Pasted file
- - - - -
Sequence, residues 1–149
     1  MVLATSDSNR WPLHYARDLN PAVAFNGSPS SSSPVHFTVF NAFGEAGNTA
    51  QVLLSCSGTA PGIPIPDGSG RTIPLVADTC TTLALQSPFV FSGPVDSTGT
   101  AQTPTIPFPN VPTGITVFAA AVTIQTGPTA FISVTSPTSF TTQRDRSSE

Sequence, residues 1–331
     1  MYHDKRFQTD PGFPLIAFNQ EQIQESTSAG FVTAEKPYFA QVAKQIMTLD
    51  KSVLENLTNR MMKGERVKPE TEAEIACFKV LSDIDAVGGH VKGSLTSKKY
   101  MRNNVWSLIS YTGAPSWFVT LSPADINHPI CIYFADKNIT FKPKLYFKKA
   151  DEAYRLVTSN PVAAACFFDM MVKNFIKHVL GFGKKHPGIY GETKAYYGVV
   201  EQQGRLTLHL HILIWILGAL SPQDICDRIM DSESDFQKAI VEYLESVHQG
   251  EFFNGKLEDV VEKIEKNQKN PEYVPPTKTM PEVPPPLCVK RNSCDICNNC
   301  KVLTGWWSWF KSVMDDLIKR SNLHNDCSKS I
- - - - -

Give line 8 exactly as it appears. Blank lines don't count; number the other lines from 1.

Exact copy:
   101  MRNNVWSLIS YTGAPSWFVT LSPADINHPI CIYFADKNIT FKPKLYFKKA